That said, it’s worth noting that K’Ehleyr’s attitude towards the Klingons borders on internalised racism. She’s quick to dismiss any possibility of peaceful settlement with the crew of the T’Ong. “There is nothing to understand,” she protests. “These are Klingons. They’ll attack. In their minds, we’re the enemy, and there’s no way we’re going to talk them out of that!” She is unable to fathom a peaceful solution to the situation, as she assumes that the crew of the T’Ong are beyond reason.

A cut above?

A cut above?

This is a little bit uncomfortable, for a number of reasons. Most obviously, in the case of K’Ehleyr’s characterisation as a metaphor for the mixed race experience, it’s hard to dismiss the association of Klingons with African American culture – as explored in, for example, Peter A. Chvany’s Like Ferengi Capitalists? Klingon Ethnicity and Whiteness. While this argument isn’t entire convincing on its own (Klingons have been stand-ins for lots of different cultures and concepts), it does feel uncomfortable when brought up in the context of K’Ehleyr’s mixed ethnicity.

Still, in The Final Reflection? A Mirrored Empire? Klingon History and American History, Lori Maguire argues that K’Ehleyr’s attitude has less to do with race than it has to do with the combination of race and gender. Indeed, Maguire identifies this as part of a general trend within Star Trek.  “Worf has mixed feelings about his Klingon heritage,” we’re told, “but women of Klingon origin within the Federation are generally fiercely hostile to it.”

Spaced out...

Spaced out…

Maguire clarifies:

The difficulties experience by biculture and biracial characters like Worf and B’Elanna reflect American concerns about immigrants from cultures that are not traditional sources of immigration. For example, the problems Klingon women have integrating into human society mirror the reality of many girls from immigrant backgrounds. Much attention has been focused on this question, particularly with regard to women in the Islamic world. Most dramatically, the “honour” killing of Palestina Isa in 1989 in Missouri brought the subject to national attention. The paradox is that Klingon women are both more aggressive than their human counterparts and more oppressed than their Federation counterparts (in the series, no woman can sit on the High Council, and we never see a Klingon woman commanding a ship). Although Klingon men living among humans experience the same prejudice, they have fewer problems adjusting after their boyhood.

This is still a potentially problematic reading. Most obviously, the murder of Palestina Isa took place in November 1989, after the episode aired, so it’s hard to read The Emissary as a response to that, even if it was playing on unconscious anxieties around those sorts of issues. Then again, given the way that Worf treats K’Ehleyr (and expects her to defer to him), perhaps there is some weight to the argument.

"By the way, you used birth control, right?"

“By the way, you used birth control, right?”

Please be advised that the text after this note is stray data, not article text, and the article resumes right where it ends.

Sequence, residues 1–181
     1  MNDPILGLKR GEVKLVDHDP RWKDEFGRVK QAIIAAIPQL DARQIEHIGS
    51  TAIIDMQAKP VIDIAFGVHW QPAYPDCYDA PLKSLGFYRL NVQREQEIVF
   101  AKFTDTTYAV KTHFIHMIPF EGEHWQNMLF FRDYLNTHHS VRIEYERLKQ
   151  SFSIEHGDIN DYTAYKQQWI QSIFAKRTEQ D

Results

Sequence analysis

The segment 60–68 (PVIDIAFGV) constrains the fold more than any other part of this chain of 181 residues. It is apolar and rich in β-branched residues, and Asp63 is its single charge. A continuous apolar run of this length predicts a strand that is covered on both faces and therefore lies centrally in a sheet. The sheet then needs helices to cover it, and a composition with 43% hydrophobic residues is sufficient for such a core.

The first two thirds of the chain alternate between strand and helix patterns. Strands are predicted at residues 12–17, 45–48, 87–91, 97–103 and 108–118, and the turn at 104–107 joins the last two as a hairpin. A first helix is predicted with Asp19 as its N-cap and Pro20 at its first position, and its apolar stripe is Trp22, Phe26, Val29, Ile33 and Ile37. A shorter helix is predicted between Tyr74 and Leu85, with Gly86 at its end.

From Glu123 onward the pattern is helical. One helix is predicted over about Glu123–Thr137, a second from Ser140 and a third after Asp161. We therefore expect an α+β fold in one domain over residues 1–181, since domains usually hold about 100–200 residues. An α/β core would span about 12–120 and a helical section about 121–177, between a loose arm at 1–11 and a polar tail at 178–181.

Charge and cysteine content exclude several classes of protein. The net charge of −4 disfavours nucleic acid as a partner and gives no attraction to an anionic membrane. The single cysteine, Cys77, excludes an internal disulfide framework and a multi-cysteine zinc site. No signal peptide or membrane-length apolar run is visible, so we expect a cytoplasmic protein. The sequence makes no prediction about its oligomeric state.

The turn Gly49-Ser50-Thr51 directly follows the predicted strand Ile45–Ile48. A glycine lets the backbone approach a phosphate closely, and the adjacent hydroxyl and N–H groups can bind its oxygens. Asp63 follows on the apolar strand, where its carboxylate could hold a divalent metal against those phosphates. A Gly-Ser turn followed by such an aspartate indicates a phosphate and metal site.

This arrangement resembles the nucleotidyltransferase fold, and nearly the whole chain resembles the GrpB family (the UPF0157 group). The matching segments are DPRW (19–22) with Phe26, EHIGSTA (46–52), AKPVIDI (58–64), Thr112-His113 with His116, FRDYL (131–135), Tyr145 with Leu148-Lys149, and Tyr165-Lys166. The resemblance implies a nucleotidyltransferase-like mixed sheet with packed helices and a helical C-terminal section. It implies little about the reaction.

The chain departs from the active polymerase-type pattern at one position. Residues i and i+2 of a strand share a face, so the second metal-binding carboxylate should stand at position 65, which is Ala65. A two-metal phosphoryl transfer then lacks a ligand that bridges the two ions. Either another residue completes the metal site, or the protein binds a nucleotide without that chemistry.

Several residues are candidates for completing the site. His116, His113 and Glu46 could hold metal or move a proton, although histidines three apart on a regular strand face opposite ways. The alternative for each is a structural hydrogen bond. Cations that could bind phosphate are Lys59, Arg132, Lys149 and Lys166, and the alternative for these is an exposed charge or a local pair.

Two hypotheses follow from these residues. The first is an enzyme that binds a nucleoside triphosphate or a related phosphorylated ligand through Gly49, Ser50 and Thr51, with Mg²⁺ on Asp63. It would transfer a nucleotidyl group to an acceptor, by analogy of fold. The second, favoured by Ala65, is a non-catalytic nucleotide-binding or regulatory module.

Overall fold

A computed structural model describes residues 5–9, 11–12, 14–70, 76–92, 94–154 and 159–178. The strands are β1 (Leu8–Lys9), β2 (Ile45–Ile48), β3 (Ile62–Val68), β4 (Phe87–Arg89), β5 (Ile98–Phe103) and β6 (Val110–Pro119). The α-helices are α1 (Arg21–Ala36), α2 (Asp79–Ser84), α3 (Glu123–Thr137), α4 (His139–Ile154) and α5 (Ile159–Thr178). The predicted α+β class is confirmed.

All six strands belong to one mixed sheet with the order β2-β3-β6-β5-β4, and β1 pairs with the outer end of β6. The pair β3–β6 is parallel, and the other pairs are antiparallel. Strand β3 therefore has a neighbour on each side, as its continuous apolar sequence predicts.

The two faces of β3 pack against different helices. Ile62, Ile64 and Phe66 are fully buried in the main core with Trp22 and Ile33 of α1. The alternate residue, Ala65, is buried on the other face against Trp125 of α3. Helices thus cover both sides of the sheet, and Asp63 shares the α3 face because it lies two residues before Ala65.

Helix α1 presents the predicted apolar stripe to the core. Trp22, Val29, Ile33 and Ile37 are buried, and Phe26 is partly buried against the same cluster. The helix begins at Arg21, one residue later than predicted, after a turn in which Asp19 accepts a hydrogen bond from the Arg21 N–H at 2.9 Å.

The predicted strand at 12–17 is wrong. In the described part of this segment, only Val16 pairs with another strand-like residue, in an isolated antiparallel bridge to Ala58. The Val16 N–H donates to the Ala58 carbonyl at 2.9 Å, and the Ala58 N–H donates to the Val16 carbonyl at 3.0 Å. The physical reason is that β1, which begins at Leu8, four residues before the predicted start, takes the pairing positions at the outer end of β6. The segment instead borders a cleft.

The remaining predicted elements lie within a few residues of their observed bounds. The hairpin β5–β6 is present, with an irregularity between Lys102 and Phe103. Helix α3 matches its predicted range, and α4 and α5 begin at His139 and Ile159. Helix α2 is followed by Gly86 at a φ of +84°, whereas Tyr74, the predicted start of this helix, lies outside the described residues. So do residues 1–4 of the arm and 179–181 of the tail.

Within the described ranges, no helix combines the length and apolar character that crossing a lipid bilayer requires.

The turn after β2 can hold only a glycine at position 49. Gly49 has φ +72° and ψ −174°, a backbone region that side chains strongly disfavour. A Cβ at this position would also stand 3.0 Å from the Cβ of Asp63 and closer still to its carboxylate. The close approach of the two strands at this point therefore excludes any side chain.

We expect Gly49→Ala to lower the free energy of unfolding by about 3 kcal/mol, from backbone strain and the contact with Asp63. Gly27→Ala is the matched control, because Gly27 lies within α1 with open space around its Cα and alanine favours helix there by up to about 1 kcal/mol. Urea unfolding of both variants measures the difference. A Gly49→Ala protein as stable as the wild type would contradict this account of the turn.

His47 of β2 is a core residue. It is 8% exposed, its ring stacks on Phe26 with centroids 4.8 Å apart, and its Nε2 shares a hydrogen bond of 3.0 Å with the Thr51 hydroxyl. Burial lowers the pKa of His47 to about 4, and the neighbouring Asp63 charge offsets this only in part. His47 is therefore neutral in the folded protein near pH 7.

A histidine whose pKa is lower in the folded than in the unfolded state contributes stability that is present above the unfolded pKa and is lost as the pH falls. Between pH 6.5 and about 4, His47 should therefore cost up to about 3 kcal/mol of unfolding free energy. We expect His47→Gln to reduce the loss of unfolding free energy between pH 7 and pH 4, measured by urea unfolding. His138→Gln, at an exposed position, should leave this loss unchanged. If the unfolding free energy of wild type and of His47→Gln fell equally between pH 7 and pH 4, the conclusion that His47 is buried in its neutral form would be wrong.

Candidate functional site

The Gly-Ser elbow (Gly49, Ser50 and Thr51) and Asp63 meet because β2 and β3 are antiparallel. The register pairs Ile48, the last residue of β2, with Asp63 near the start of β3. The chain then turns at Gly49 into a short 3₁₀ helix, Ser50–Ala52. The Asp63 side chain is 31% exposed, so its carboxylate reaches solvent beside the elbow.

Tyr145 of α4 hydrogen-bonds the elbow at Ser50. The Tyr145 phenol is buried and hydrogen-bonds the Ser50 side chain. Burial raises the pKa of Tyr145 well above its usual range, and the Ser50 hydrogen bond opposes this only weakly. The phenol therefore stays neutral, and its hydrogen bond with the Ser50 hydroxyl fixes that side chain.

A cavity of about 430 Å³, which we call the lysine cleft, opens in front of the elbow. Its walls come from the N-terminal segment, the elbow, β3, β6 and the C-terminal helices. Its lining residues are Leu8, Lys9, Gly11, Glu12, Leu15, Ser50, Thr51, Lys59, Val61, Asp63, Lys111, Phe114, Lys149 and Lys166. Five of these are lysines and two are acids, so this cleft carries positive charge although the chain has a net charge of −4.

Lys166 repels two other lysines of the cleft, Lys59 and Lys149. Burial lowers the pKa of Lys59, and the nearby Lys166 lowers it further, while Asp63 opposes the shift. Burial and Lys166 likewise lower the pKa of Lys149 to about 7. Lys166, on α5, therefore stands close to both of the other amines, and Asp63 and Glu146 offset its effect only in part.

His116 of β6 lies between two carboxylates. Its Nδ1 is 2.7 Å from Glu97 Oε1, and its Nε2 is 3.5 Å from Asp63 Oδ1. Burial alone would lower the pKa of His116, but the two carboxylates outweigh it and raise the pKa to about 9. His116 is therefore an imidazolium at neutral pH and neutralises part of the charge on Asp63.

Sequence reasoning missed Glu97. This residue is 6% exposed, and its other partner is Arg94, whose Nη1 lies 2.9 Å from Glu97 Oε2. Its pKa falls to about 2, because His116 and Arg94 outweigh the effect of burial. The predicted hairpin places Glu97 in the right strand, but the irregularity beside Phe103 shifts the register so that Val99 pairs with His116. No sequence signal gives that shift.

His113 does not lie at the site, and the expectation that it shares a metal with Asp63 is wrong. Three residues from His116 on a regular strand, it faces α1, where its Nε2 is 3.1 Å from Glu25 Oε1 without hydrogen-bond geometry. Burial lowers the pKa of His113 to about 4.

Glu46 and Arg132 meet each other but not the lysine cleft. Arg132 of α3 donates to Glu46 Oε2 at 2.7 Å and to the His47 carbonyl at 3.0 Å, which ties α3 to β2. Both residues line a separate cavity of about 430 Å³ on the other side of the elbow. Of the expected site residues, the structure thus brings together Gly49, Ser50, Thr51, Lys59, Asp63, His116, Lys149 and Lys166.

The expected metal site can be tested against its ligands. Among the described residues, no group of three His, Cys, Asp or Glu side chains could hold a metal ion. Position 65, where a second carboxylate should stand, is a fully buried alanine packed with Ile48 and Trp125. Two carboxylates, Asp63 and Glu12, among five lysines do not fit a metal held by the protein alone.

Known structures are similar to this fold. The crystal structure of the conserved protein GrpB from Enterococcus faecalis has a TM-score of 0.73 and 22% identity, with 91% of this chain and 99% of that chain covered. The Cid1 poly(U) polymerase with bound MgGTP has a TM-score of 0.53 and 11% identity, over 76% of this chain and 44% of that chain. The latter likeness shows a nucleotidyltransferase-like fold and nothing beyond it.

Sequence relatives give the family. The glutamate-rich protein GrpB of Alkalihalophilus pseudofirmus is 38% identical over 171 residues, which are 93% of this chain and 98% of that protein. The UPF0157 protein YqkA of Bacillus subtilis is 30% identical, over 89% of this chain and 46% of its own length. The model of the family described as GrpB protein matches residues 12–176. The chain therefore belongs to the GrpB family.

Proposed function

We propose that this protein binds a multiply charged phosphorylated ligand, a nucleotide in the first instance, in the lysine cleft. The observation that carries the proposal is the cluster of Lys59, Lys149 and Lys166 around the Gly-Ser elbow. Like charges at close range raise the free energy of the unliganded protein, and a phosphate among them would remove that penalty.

While the fact that the role of Klingon women remains ambiguous supports an assumption about institutional sexism in the Klingon Empire, we haven’t yet seen enough of Klingon culture to make a judgement one way or another. The “no women on the High Council” rule is only implied in Redemption and made explicit in House of Quark. While we have to wait until Star Trek: Generations to see a Klingon woman commanding a ship, 1994’s Star Trek VI: The Undiscovered Country would feature a female Chancellor leading the Empire.

So K’Ehleyr’s attitudes are uncomfortable, but perhaps they are meant to be. It’s worth noting that her attitudes conflict directly with those of Worf. Worf is a regular cast member. We know him better than K’Ehleyr, and he will continue to romanticise Klingon culture long after she has departed the show. So K’Ehleyr’s attitudes provide a contrast to Worf’s idealism and fetishism. Her cynicism invites viewers to question Worf’s rather simplistic attitude towards his heritage. If K’Ehleyr is unfairly dismissive of her Klingon roots, perhaps Worf is unduly reverent to them.

Blood is thicker than water...

Blood is thicker than water…

Either way, the relationship between Worf and K’Ehleyr is fascinating because it inverts the traditional gender dynamic. K’Ehleyr is the flirty and cynical one, the partner who is afraid of being tied down or commitment. In contrast, Worf is immediately fixated on the idea of marrying K’Ehleyr. It’s not too hard to believe that Worf has his dream Klingon wedding already planned out, right down to the cutlery.

(Indeed, one of the smarter aspects of Worf’s eventual wedding in You Are Cordially Invited is that it maintains this weird gender reversal. Dax is the fun-loving party animal who couldn’t really care all that much about the ceremony, while Worf has been dreaming about the wedding since he was a little boy. It’s a rather fun bit of consistent characterisation that works because it subverts so many gender norms.)